We often get complaints about noise. Please be considerate to your neighbours by keeping the noise down.
Tips to reduce noise
DIY jobs – such as drilling and hammering – can create a lot of noise.
Whenever possible, let your neighbours know that you’ll be doing noisy work – and try to do it during normal waking hours.
Carry out the noisiest tasks in the middle of the day – if you must start early, do quieter jobs first (eg painting).
Keep tools well maintained and use lower/quieter settings on power tools where you can. Use hand tools whenever possible.
Our gardens are a place to rest, relax and play. Remember that your neighbours will hear any noise you make in your garden.
Try to carry out noisy activities – for example, mowing the lawn – in the middle of the day.
Where possible, buy quieter equipment and make sure you maintain it properly.
If a child’s toy or game is extremely noisy, try to find quieter alternatives.
If you have a barbeque or party, tell your neighbours – you could even invite them if appropriate! Avoid amplified music out of doors and if anyone does complain, turn it down. Either end your party at a reasonable time or bring your guests indoors.
Your responsibility as a tenant
Take care when closing doors, particularly late at night and early in the morning. Take special care if you live in a flat with a shared entrance.
Cupboard doors can also be annoying – particularly if the units are fixed to party walls. Avoid slamming doors. Inexpensive adhesive furniture pads can be a very effective way of reducing noise – stick these to the inside of the cupboard door or around an internal door frame.
Entering/leaving your home
Avoid slamming front doors or communal entrance doors, particularly late at night or early in the morning.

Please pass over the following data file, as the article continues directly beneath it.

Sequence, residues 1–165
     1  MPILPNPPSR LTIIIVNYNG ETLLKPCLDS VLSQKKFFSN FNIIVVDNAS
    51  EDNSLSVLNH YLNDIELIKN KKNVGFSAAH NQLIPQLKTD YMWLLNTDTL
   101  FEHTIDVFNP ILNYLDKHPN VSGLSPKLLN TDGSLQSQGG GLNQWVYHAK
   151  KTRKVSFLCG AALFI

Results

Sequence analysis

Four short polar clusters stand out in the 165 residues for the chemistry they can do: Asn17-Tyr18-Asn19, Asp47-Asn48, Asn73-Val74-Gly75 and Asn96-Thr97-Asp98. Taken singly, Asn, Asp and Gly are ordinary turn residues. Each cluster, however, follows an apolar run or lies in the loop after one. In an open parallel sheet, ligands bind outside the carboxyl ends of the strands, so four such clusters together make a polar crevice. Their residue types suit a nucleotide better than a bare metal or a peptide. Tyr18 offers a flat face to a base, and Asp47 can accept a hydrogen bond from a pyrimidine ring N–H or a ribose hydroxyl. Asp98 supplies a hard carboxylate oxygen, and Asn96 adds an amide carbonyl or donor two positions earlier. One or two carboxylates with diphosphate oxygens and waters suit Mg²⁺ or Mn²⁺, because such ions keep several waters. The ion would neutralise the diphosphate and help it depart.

If expecting a visitor/taxi, ask them to knock rather than sound the horn and try not to slam your door or car doors.
Amplified loud music
Music tastes vary, so don’t assume that just because you like a song your neighbour will want to hear it too!
With amplified sound, keep the volume down, especially the bass which can be more annoying than higher frequencies. Don’t put speakers on or close to party walls, ceilings or floors.
If you have a TV in your bedroom, keep it quiet at night – especially if your bedroom adjoins someone else’s.
If playing an instrument, practice where and when it will have least impact on your neighbours.
Where possible, use headphones.
If you live in a flat, you can’t have a dog. If you live in a house, you need to request our permission to have a dog. Please be aware we will revoke permission to have a dog if the dog causes a nuisance.
Dogs bark – but they only bark a lot if they’re not content. If you have to leave your dog alone, make sure it’s well exercised and fed. Some dogs like a radio for company, or you could get a friend or neighbour to look in. If your dog continues to bark, consider dog training.
Cats can wail and fight – as they are independent, they can be difficult to manage. However, if a neighbour complains about your cat at least try to keep it in at night.
If you have a caged bird that likes to sing and squawk, make sure it’s kept where it will least disturb neighbours, particularly at night.
Some caged pets tend to be more active at night – chewing and rattling their cages. Consider carefully where and how such pets are housed.
When buying new appliances, buy a quieter model – not all models have a noise rating, but look out for the ‘Quiet Mark’. Where possible, position them to cause the least disturbance to your neighbour.
If possible, place washing machines on an even floor. Do not overload the machine and run it at a time when it will least disturb neighbours – remember the final spin is the noisiest bit.
Do the vacuuming at a reasonable time – especially if you live in a flat or terrace. Avoid early morning or late night cleaning sprees.
In the kitchen, avoid banging pans and cupboard doors and don’t use blenders/grinders on surfaces attached to party walls.